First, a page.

The Dog Protection Act Passed!

Good news for Colorado dogs- on Wednesday, April 3, 2013 the Colorado senate unanimously passed Senate Bill 226, dubbed the “Dog Protection Act”!

According to Senate Bill 226, dogs are one of the most beloved and popular animals in the United States, and approximately 46 million households contain at least one dog with Colorado listed as one of the most dog friendly states in the country.

The bill further states that in the last 5 years law enforcement officers shot more than 30 dogs- most with no history of aggression and no display of aggression at the time they were shot.

More than 30 dogs shot in the last 5 years? This statistic is heartbreaking! My dogs are my furry family. I worry about my dogs- especially because of the prejudice and myths surrounding “pit bulls”. Some people judge my dogs on the basis of their appearance and not their behavior. I’ve seen people shake their heads disapprovingly as I walk my dogs in my neighborhood. Other people just cross the street.

You might be surprised to read more about the dogs involved in the 30+ dog shootings that have occurred over the last 5 years- I was. The shootings involve a variety of breeds and mix breed dogs, dogs that were confined in their homes and yards, and dogs that displayed no outward signs of aggression at the time of the shooting.

The “Dog Protection Act” specifically names 9 dogs shot in Colorado by law enforcement professionals. Eight of the dogs named in the bill died as a result of the shooting.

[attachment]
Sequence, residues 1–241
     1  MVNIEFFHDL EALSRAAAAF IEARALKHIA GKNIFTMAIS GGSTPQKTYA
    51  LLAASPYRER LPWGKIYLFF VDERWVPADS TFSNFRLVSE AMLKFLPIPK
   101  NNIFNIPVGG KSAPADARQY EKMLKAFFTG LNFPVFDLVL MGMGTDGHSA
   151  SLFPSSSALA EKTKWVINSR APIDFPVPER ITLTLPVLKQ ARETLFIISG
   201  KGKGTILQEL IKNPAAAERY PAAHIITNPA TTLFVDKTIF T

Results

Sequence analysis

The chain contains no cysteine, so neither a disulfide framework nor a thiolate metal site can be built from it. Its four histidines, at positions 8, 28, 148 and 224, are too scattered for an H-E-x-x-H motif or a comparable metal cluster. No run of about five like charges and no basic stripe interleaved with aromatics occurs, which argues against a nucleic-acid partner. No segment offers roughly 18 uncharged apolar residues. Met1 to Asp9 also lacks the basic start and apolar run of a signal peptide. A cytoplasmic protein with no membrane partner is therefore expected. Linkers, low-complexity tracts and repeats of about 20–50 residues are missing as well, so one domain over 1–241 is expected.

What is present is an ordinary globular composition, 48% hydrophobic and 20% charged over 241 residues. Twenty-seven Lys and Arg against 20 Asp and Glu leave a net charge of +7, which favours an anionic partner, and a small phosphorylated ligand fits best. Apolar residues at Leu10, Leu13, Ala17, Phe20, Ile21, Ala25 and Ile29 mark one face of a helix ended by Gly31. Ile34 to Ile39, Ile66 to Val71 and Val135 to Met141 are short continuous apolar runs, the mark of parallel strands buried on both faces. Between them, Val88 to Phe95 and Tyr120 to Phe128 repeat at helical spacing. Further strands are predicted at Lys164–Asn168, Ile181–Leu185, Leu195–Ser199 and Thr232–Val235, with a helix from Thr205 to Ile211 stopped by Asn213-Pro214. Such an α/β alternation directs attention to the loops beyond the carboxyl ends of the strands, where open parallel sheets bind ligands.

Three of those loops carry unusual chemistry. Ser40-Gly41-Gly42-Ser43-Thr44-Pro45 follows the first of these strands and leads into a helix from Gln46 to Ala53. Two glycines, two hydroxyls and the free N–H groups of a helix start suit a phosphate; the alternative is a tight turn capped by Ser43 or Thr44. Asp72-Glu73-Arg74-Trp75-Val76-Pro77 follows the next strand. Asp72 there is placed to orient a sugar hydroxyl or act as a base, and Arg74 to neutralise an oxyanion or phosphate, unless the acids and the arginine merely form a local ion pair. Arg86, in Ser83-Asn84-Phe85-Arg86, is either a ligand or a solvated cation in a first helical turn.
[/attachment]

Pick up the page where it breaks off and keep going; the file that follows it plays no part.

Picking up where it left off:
One of these dogs is Chloe, a mixed breed therapy dog. Chloe was tasered, collared, and shot 5 times in November 2012 by Commerce City law enforcement after escaping the garage where he was confined. As a therapy dog Chloe would have had an excellent temperament and displayed extraordinary patience and friendliness with people.

Another dog listed in the bill is Ziggy, a blue heeler-border collie mixed breed dog shot and killed in January by Adams County law enforcement responding to a call at the wrong address. Ziggy and his family were not causing any nuisance or public safety risks when police showed up at their door.

Ziggy, fatally shot by Adam's County law enforcement responding to a call at the wrong address.

Ziggy, fatally shot by Adam’s County law enforcement responding to a call at the wrong address. Photo by Jeff Fisher.

These are just a few of the tragic stories of beloved family pets shot by Colorado law enforcement officers in situations that could very well have ended differently.

I choose to believe the law enforcement officers involved in the shootings felt threatened when they pulled out their guns and fired but this is the very reason officers need training to determine when a dog is actually a threat to public and personal safety.

The Dog Protection Act requires local law enforcement agencies to train and enact policies and procedures to prepare officers to safely and humanely deal with dogs they encounter in the line of duty.

There’s plenty of work ahead for Colorado law enforcement agencies and passing this bill is a step in the right direction. While it remains to be seen if Colorado will see a reduction in officer-related shootings of family pets, I remain hopeful we’ll look back in 5 years time with drastically reduced statistics of dog shootings by law enforcement. Thanks, Colorado senate!

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